September 20, 2016

Kimmel blooper video features outtakes from Bush Emmy appearance


So successful was Jimmy Kimmel's opening video to the Emmy Awards Sunday night that on Monday he released a blooper reel -- which he titled "boners and boo boos" -- featuring the TV stars who participated, and Jeb Bush.

In one outtake, presidential-candidate-turned-limo-driver Bush called Kimmel a "godless, shameless, stinking hippie" -- instead of the final line, "godless Hollywood hippie."

"He was great," Kimmel told the audience of "Jimmy Kimmel Live." "Very high-energy, by the way."


Will George H.W. Bush vote for Hillary Clinton?


A member of the Kennedy family told Politico late Monday that former President George H.W. Bush, the father of former Florida Gov. Jeb Bush, had told her he plans to vote for Hillary Clinton.

Kathleen Kennedy Townsend also posted on Facebook about meeting the elder Bush and hearing from him about his voting preference, according to CNN.

A Bush spokesman didn't confirm or deny the claim to either news outlet, saying the ex-president is a private citizen who will keep his choice at the ballot box private.

Jeb Bush has refused to back Donald Trump -- but he's also said he won't vote for Clinton.

September 18, 2016

Jeb Bush makes surprise, hilarious Emmys cameo


Jeb Bush's funniest moment of the presidential campaign happened seven months after he dropped out, at the Emmys.

He appeared Sunday night in a taped cameo on the opening video of television's yearly wards, as part of host Jimmy Kimmel's opening video. 

The gag had Kimmel trying to hitch a ride to the awards show. He walks up to the motorcade of "Veep" President Selina Meyer (Julia Louis-Dreyfus). A driver's voice tells him there's room in the front. The driver? Bush, gamely donning a chauffeur's cap.

"I'm in between jobs right now," Bush says. "You know you can make $12 an hour driving for Uber?"

He asks Kimmel if he's nominated: "Wow. What's that like?" 

When Kimmel tells him there's a lot of competition to win, Bush offers advice: "If you run a positive campaign, the voters ultimately will make the right choice," Bush says at one point, playing the straight man.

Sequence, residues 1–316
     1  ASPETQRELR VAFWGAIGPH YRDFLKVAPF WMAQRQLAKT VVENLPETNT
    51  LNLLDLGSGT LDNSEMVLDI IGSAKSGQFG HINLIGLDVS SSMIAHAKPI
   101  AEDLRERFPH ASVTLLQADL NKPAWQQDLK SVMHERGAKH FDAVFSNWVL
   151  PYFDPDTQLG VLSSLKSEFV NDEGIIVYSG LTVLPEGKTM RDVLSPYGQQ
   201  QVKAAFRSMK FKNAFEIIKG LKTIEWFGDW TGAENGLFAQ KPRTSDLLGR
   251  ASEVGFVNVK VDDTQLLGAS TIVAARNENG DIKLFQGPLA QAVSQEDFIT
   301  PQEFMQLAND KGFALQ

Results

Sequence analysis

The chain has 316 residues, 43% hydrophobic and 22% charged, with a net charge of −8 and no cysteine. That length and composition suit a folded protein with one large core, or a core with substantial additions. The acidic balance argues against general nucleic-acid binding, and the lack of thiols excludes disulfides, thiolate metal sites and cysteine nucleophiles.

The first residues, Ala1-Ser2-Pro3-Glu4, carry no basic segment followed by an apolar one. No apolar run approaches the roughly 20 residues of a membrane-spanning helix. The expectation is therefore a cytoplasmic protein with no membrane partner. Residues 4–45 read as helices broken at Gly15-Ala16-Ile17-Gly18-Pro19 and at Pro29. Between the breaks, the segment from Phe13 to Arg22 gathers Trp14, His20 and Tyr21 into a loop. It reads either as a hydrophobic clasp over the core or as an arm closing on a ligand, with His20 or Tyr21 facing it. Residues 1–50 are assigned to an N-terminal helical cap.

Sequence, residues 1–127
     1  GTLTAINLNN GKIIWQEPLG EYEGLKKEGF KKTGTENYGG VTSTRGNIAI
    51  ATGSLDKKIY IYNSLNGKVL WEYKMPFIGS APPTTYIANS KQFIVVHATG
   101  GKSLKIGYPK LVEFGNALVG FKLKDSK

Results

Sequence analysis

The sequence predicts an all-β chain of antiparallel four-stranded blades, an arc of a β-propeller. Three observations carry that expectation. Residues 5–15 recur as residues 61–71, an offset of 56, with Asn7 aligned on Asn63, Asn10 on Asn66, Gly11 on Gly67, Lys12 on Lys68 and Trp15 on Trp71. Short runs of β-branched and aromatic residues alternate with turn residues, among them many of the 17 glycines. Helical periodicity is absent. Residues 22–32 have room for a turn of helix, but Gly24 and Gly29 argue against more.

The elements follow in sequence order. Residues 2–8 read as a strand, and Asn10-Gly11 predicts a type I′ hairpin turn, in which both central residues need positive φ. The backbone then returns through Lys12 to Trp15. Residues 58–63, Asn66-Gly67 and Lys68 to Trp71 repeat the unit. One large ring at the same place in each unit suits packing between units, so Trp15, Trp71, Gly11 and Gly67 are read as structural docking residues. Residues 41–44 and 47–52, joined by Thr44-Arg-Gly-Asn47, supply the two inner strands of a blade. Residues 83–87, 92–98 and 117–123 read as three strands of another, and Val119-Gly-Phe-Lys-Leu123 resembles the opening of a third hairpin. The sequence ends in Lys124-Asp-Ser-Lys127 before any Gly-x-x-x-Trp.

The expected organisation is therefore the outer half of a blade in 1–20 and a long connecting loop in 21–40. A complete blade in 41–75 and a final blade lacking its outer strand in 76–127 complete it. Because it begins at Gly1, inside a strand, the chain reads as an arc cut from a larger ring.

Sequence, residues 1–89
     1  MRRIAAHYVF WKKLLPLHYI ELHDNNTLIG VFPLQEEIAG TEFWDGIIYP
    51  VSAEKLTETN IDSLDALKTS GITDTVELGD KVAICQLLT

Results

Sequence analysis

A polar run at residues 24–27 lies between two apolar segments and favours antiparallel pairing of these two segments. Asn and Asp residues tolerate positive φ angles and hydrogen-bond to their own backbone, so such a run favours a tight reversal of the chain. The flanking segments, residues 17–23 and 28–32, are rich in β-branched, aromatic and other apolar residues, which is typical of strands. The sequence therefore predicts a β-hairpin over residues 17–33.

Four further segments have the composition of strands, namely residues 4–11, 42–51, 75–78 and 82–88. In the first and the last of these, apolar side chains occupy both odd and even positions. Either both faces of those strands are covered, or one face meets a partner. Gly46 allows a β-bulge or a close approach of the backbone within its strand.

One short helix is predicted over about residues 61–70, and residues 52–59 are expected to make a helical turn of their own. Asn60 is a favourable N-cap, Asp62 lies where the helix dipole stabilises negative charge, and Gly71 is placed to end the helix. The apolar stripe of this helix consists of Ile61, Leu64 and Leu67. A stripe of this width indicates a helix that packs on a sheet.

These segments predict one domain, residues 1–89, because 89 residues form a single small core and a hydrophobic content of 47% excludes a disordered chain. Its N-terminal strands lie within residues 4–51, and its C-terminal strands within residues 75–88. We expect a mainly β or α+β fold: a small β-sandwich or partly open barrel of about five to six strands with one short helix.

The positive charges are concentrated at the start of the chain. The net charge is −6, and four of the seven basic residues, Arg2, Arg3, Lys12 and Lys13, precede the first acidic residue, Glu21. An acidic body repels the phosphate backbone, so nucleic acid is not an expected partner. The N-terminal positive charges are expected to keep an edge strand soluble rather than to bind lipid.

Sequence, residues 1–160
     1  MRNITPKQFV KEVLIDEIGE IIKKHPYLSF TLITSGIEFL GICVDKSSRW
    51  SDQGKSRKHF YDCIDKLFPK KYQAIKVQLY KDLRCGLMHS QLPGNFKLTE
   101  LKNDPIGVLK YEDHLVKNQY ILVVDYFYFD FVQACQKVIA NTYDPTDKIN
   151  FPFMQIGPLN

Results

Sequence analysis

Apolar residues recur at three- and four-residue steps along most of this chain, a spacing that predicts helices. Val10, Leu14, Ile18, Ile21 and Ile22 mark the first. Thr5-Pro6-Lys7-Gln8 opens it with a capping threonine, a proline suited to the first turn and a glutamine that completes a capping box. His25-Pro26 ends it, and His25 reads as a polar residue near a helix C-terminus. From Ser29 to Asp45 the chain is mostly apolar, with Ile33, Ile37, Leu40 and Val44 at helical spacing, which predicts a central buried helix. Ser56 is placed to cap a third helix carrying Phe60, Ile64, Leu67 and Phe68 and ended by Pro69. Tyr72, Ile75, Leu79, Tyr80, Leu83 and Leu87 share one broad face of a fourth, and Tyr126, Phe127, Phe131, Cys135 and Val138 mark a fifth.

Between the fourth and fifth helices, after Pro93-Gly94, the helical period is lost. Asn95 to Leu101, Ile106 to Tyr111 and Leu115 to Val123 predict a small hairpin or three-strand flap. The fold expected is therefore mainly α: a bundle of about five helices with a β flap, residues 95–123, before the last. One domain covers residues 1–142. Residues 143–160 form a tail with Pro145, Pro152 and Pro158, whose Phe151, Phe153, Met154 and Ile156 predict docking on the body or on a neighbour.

Kimmel starts talking about his psychic  

"Jimmy," Bush interrupts, "that was a joke."

He kicks the bearded Kimmel out the car.

"And shave that wig off your face, you godless Hollywood hippie," Bush barks, as the limo peels off and shows a bumper sticker with "2016" crossed out -- and "2020" scrawled over it. "JEB EXCLAMATION POINT!"

Photo credit: Matt Rourke, Associated Press

September 08, 2016

Jeb Bush endorses in his local Florida House race


Former Florida Gov. Jeb Bush backed a state House candidate late Thursday to represent the Coral Gables-based district where he lives. 

His choice was hardly a surprise: Bush endorsed Republican John Couriel over Democrat Daisy Baez. The two candidates are battling to replace term-limited Republican Rep. Erik Fresen in District 114.

"Having known John since he was a college student, I'm delighted that I get to vote for him to be my state representative," Bush said in a statement. "He speaks with clarity and optimism about the challenges we face as a community and nation: promoting economic opportunity for all, making our kids career-ready, and making health care more affordable and transparent."

Couriel is a GOP establishment darling who's certain to use the big-name endorsement as a way to introduce himself to voters. But Bush's lone local legislative endorsement in the primary didn't seem to do much good for Republican Lynda Bell. She placed third in District 118, behind David Rivera and Anthony Rodriguez.

UPDATE: Bush is headlining a fundraiser for Couriel Sept. 23 at the Biltmore Hotel.

September 06, 2016

Former Rubio donors shift to Trump. Former Bush donors, not so much.

Rubio (2)via @learyreports

John Angelbeck of Ocala wanted Florida Sen. Marco Rubio to succeed in his presidential bid and twice contributed $100 to Rubio’s campaign. But after Rubio bowed out following a landslide defeat in Florida’s March primary, Angelbeck shifted his allegiance — and money — to Donald Trump.

In June, he sent checks to Trump’s campaign for $40 and $80. “Anything to beat Hillary Clinton,” Angelbeck, 78, said Friday.

He is one of 640 Floridians who supported Rubio financially but have given to Trump since the primary, a Tampa Bay Times analysis of campaign finance data shows. That illustrates Trump’s appeal among dedicated Republicans in the state.

By contrast, only 113 donors to former Gov. Jeb Bush have given to Trump since Bush withdrew from presidential contention in February.

More here.

Photo credit: Alan Diaz, Associated Press

August 29, 2016

Ahead of tough reelection, Curbelo taps big guns Bush, Rubio

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Florida's primary election will be on Tuesday. But Miami Republican Rep. Carlos Curbelo isn't waiting to find out whom his Democratic opponent will be before kicking off his reelection campaign in earnest.

Curbelo's campaign put out a Spanish-language radio ad featuring one of the congressman's most prominent political backers: former Florida Gov. Jeb Bush. Curbelo was one of Bush's early backers for the Republican presidential nomination.